ISA was responding to recent local media reports exposing poor performance in the domestic insurance industry, and claims the local life insurers and banks are lobbying the government to avoid a ban on commissions and design their own code of conduct.
“Rather than lobbying to reduce consumer protections, they (life insurers and banks) should grasp the nettle of reform and demonstrate genuine leadership,” said ISA’s chief executive David Whiteley said on Tuesday.
This week two major media outlets in Australia reported that claims managers at CommInsure, the insurance arm of the Commonwealth Bank, were delaying claims to dying customers or rejecting them based on outdated, and sometimes unobtainable, criteria.
“These scandals are causing harm to the Australian public, often when they are at their most vulnerable,” Whiteley said.
A report by the Australian corporate regulator, ASIC, in 2014 highlighted the significant financial damage suffered by consumers as a result of life insurance commissions, with a third of advice reviewed by the regulator failing legal requirements.
It also found that 96% of the poor advice was given by advisers paid under upfront commission models and noted that where an adviser is paid under an upfront commission model there was a statistically significant likelihood of that adviser giving advice that did not comply with the law.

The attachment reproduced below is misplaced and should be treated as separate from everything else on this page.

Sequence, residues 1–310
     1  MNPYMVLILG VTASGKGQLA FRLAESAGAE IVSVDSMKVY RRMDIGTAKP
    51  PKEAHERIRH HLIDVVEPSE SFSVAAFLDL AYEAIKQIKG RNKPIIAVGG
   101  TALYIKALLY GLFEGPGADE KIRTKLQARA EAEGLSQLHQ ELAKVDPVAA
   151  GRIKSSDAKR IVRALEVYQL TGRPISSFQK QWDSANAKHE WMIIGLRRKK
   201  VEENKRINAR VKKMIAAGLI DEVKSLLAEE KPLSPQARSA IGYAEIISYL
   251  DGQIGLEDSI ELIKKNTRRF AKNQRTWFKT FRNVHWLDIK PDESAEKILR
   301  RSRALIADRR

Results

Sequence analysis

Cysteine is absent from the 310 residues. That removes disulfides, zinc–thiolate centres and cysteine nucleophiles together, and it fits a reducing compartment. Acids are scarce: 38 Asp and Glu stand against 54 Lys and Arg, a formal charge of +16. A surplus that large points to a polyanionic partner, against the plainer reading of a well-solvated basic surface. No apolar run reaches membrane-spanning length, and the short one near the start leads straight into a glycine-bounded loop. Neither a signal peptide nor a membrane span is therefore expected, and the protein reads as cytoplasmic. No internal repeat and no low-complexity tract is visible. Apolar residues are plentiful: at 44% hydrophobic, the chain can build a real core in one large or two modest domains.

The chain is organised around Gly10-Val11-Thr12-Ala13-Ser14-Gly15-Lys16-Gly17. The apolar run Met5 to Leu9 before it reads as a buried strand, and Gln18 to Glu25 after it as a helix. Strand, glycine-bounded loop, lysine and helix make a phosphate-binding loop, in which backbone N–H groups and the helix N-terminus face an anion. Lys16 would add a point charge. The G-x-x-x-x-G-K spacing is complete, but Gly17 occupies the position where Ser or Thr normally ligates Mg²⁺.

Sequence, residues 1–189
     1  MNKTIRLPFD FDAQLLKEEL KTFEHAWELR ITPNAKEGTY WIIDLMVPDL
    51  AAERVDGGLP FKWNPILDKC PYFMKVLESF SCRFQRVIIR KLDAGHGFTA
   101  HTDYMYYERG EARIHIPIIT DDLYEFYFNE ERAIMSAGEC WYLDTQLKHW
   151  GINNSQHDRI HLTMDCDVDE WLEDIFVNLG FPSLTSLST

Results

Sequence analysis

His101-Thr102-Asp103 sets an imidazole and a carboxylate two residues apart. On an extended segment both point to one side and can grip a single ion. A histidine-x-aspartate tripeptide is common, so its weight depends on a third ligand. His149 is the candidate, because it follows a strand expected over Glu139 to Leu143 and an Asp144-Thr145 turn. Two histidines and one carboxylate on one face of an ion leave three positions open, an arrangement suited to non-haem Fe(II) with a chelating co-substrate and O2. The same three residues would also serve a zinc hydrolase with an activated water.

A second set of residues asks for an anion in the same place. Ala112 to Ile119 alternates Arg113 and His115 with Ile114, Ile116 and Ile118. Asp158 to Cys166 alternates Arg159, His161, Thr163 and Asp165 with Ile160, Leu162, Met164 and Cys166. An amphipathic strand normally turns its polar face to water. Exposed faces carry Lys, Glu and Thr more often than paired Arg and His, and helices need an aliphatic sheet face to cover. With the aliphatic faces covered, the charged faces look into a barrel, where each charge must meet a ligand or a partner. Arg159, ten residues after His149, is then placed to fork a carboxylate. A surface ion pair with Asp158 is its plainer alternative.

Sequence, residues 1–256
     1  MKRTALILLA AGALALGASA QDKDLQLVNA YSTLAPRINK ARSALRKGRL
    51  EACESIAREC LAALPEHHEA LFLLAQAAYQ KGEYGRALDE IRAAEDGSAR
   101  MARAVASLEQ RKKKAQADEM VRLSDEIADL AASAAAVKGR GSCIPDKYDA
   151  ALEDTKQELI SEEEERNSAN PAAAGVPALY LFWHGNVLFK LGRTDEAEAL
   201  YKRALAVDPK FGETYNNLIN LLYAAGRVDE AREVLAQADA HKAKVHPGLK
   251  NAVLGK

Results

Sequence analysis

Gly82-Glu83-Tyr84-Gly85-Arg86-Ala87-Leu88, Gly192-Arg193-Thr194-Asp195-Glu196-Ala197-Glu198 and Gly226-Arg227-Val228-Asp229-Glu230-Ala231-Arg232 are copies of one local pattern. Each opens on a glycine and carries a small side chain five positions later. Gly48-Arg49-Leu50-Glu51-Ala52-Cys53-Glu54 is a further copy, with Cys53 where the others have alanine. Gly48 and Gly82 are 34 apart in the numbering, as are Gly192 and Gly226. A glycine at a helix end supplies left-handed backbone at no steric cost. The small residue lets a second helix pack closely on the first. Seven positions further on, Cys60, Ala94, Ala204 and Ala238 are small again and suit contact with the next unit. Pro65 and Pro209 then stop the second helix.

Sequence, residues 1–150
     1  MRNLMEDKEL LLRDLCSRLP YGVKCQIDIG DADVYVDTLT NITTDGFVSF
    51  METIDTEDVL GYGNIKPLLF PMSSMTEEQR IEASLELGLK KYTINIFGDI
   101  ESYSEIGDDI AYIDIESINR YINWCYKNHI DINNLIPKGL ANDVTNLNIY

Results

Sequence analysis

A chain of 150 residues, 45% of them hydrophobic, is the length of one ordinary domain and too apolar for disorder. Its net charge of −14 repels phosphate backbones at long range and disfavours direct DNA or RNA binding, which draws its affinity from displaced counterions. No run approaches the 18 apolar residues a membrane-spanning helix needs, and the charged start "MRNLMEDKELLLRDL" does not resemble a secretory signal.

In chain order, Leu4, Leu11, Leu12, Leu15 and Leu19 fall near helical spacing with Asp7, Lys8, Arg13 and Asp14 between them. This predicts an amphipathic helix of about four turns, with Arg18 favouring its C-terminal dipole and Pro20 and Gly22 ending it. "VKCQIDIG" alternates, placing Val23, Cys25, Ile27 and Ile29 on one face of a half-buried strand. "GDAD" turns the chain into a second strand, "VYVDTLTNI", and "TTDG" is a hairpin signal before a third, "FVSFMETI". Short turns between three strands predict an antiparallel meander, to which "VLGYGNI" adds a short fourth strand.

As a result the Australian government has introduced new legislation to regulate commission payments made by life insurance companies to financial advisers.
In a recent submission to the senate committee examining the new Life Insurance Remuneration Arrangements Bill, ISA said the reforms on offer fell hopelessly short in addressing the core problem of conflicted remuneration.
Stronger rules needed
“Capping upfront commissions and reducing ongoing commissions may be an improvement on current practices but sends a message that commissions are acceptable in the life insurance market. They are not,” Whiteley said.
“Conflicted remuneration, if allowed to remain in any guise, will continue to undermine outcomes for consumers, as confirmed by a large body of evidence. We need reform that phases out commissions once and for all.
“In addition, it is critical that the regulator is given responsibility for the development of a rigorous code of conduct that will improve treatment of consumers including in claims processing.
“Currently, in conjunction with the government’s legislative package, the industry has been preparing its own code, without any public consultation. This is totally unacceptable,” Whiteley concluded.